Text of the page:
This story is funded by Patreon patrons like you! Thank you!
If you ask, she must answer. A steerswoman’s knowledge is shared with any who request it; no steerswoman may refuse a question, and no steerswoman may answer with anything but the truth.
And if she asks, you must answer. It is the other side of tradition’s contract — and if you refuse the question, or lie, no steerswoman will ever again answer even your most casual question.
The Steerswoman is an extraordinary speculative fiction series by Rosemary Kirstein. So far, it exists in the form of four novels: The Steerswoman (1989), The Outskirter’s Secret (1992), The Lost Steersman (2003), and The Language of Power (2004). She’s promised two more novels, with the fifth volume starting its Kickstarter next year, in 2015. As of this writing, I’m most of the way through The Lost Steersman.
I have a weird recommendation: do not look up the covers for earlier editions of the books. They not only spoil, but also then trivialize important pieces of information, the process of the discovery of which illuminates both the characters and the reader. All the while, misinforming. They also fail in representing the hard, elegant work Kirstein has done when representing the genders of the Inner Lands by sexying up the female characters, giving them uncharacteristically impractical clothing and hair, and misrepresenting the gritty — yet optimistic — world Kirstein has created. Her own covers on her ebook editions are much, much stronger, depicting a map of the world as we know it at each volume.
What amazes me about these novels is that they combine the Fantasy genre with the philosophy that is shamefully neglected even in Science Fiction circles: Rationalism. In a world that includes wizards, dragons, demons, gnomes, goblins, and magic, how can reason possibly work as a truth-determining philosophy?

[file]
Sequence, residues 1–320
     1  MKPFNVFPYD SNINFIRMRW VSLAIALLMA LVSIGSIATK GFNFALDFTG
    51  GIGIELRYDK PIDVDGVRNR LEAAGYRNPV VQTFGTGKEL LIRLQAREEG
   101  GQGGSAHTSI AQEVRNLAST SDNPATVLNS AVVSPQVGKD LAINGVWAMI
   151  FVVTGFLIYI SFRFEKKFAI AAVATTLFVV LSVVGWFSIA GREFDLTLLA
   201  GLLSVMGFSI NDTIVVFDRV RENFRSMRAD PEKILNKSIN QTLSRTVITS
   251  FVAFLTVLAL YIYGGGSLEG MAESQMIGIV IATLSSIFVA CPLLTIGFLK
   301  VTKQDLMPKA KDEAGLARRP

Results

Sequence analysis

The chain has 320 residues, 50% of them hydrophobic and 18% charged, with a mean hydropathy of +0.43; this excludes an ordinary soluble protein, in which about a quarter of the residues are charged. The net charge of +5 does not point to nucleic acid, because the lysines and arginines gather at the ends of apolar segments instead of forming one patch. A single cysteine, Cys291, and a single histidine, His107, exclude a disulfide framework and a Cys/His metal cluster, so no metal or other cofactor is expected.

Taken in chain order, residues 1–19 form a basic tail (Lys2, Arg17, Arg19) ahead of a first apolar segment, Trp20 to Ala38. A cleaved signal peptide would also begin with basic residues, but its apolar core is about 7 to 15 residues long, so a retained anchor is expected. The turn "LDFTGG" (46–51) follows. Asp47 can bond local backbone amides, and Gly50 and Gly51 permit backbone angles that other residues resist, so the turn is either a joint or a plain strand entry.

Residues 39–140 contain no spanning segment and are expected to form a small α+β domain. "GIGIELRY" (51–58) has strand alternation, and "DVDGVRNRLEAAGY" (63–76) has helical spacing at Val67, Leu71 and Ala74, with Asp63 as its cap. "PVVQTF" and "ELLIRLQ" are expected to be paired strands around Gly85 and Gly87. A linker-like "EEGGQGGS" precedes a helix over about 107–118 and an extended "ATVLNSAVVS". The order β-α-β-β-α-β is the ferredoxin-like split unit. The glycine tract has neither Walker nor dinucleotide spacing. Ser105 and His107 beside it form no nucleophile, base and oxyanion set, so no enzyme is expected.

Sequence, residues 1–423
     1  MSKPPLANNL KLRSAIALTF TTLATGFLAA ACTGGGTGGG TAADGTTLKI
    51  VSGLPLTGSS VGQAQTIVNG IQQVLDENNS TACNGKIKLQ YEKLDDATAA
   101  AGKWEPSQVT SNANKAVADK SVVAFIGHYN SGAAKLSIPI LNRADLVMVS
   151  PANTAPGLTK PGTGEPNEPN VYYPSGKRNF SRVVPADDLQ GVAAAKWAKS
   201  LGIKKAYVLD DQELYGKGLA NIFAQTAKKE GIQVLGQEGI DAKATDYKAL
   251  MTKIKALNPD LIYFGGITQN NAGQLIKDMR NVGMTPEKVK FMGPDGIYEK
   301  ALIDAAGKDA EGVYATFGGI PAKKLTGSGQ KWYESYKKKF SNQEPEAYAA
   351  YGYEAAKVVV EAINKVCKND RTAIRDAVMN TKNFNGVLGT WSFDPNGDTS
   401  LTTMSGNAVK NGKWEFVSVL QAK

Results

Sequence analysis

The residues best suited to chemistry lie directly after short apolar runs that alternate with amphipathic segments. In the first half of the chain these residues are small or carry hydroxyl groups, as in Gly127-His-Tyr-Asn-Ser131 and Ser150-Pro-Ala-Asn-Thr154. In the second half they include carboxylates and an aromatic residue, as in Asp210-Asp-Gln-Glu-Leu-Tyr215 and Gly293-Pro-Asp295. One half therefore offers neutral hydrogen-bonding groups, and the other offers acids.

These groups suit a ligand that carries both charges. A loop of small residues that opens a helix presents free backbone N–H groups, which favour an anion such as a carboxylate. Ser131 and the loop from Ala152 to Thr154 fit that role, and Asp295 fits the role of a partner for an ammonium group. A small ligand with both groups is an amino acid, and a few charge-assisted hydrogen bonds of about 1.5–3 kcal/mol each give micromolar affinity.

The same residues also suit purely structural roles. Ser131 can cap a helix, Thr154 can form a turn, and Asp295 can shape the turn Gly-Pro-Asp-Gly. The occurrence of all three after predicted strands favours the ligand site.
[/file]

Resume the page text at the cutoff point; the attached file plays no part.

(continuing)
The protagonist of the stories is a steerswoman named Rowan. She, like all steerswomen (and the occasional steersman) have an oath: they seek the truth, to answer all questions as honestly as is practical, and to ask questions of the world and its people, expanding the limits of their canon of knowledge. Those who refuse the questions of a steerswoman, either by withholding or lying, will never again receive an answer to one of their questions. The steerswomen’s techniques are those you might find in a nonmodern world, but where, unlike in Medieval Europe (to which the Inner Lands bear a passing similarity), knowledge is not walled in, but walks freely between the towns and cities of the world, supported by the donations of those who value knowledge — which is just about everybody.
That’s not to say that there are no walls. Indeed, the apex of what hierarchy exists in the Inner Lands seems to be the two allegiances of wizards, Red and Blue. For the most part, wizards, who operate by keeping the nature of their magic a secret, and the intellectually promiscuous steerswomen keep out of each other’s business. But Rowan’s discovery of a cache of sparkling blue jewels somehow raises their ire, and some Red wizard sends assassins after her. As with everything else, Rowan folds the attempt — foiled by her barbarian friend Bel — into a larger picture of the world and its workings. And so she sets out to join with the center of her order to determine what to do.
Once the steerswomen are made aware of the importance (though not the significance) of the jewels, “Possibilities,” they say, “Are two.” Rowan argues that either the steerswomen must cower at the power of wizards, never again fulfilling their sworn duty to learn and teach; or they must commit to vigorously pursue what started as idle (if paradigm-shatteringly powerful) curiosity. Rowan and her order correctly surmise that the mystery that pervades the book does not end with the jewels. To find themselves forbidden from that exploration would end the function of their order: to observe, to synthesize knowledge, and the share knowledge freely, expanding the ability of the Inner Lands to press its fields and towns outward against the Outskirts and the Outskirts and their barbarians to press themselves outward into the unknown wilderness.